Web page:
The bus takes you from one landmark to the other on the island. There were the administrative offices, the hospital, the school, the church, the houses where the prison officials lived and “the limestone pit”. The pit was where the prisoners broke stones throughout the day open to the weather, beaten for the slightest slackness. Our guide spoke at length about how the prisoner's used the toilet which was just a small cave formed by a rock overhang. He called it the “university”. It was here that prisoners would in small clusters hold “classes”. This was the sharing of knowledge and skills from one prisoner to the other. Each one taught what he knew to the others. It is said that prisoners went in illiterate but came out literate able to read and write. Here the white guards would not follow not just because of the smell but the laws of segregation prevented them from doing so. For a comfort break and some refreshments we were taken to the South East tip of the island. The view from here was stunning. Cape Town, dominated by Table Mountain, across the cold, blue ocean was bathed in sunlight. The distance across seemed so near, easily swimmable. Many did try, the records show only one succeeded. The ocean surrounding Robben Island is washed by cold, strong currents coming from the Antarctica Ocean, patrolled by sharks. For the prisoners it must have been heart wrenching; everyday on their way to the pit to see Cape Town (where family lived) just across the water, so near yet so far.

Our next stop was the Barracks where the prisoners were locked for the night. The beds were bunks, one on top of the other, like a children's dormitory, each with one threadbare blanket. There were thirty such beds in a room. We had a new guide (another ex-prisoner) who explained the routine they followed including lights out at ten. Sixty men shared one bathroom with only cold water (bitter in winters) which they had to keep clean. For “difficult” prisoners it was solitary confinement. The food was best described by Nelson Mandela in his book “Long walk to freedom” “The food was called balanced by the authorities between the unpalatable and the inedible”. It consisted of porridge made of maize or corn, “coffee” which was burned corn, lunch coarse kernels of corn, dinner corn porridge with a carrot or cabbage “we had to search for it” and meat “usually gristle”. The coloured/Indian prisoners got a better diet (jam and bread, rice) than the Bantu.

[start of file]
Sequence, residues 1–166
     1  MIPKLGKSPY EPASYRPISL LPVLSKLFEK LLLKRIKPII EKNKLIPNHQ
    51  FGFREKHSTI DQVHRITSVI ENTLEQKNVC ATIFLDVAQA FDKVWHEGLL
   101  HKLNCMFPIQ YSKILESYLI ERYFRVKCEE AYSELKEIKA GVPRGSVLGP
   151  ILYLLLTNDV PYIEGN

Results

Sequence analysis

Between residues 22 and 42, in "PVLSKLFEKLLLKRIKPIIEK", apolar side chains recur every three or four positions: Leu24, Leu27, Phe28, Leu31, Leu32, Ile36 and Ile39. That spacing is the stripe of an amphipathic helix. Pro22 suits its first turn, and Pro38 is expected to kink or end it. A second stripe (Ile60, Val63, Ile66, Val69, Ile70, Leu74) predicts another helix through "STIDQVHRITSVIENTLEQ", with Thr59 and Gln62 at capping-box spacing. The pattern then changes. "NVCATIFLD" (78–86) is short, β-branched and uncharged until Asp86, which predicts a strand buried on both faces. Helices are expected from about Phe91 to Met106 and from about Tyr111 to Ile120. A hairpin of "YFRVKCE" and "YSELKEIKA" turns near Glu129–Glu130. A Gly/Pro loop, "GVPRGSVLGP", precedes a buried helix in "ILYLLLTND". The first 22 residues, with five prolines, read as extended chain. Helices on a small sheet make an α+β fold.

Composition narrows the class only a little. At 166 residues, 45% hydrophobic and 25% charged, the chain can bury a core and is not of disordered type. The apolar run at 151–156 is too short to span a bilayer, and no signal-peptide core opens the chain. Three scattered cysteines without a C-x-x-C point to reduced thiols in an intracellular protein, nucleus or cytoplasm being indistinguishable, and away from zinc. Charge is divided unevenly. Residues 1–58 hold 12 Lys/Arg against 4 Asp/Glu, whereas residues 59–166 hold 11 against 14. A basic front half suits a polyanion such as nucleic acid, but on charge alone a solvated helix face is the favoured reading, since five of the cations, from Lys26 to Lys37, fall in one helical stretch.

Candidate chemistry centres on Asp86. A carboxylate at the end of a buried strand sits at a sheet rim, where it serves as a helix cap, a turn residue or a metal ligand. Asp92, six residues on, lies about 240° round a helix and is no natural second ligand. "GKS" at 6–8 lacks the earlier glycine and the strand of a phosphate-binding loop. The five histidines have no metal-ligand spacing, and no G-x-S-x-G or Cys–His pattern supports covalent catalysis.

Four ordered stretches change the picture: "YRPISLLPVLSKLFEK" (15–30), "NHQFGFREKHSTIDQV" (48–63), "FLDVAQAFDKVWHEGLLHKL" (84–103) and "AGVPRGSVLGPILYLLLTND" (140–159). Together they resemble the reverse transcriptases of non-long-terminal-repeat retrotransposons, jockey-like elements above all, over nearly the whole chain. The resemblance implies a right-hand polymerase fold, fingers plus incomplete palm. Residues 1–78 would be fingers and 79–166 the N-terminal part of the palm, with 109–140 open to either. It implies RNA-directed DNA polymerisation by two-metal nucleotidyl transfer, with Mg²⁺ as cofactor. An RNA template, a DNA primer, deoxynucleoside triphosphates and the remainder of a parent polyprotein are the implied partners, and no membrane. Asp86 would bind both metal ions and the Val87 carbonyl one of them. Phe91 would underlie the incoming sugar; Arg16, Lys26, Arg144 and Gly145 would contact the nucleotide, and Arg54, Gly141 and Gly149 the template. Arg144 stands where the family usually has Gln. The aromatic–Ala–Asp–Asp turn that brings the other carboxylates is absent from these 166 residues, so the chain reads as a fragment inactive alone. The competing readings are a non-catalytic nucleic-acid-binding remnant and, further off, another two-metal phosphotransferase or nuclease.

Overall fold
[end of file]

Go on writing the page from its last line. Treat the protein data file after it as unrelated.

Break free

The list of the prisoners includes many Indian names. Finally in 1990-91 the apartheid government took the decision to release Nelson Mandela and other political prisoners of Robben Island. In September 1996 President Nelson Mandela announced that Robben Island, where he had spent eighteen years as a prisoner, would become a National Monument. One word best describes the spirit of Robben Island. Reconciliation. The Apartheid government had to reconcile with the reality that white supremacy had to end and was going forward and that the prisoner and his guard would now be equal in the eyes of law, the prisoners had to reconcile with their past (as one visitor said they were “saboteurs” for the government) forgiving their tormentors, indeed live in peace with them, the guides had to reconcile with the ghosts that haunt them and go back to work where they must have faced the most brutal assault on their body and soul.

In the words of Dr. Ahmad Kathrada a leader who was also a prisoner; “We will not forget the brutality of apartheid, we will not want Robben island to be a monument to our hardship and suffering, we want it to be the triumph of the human spirit against the forces of evil; a triumph of wisdom and largeness of spirit against small minds and pettiness; a triumph of courage and determination over human frailty and weakness.”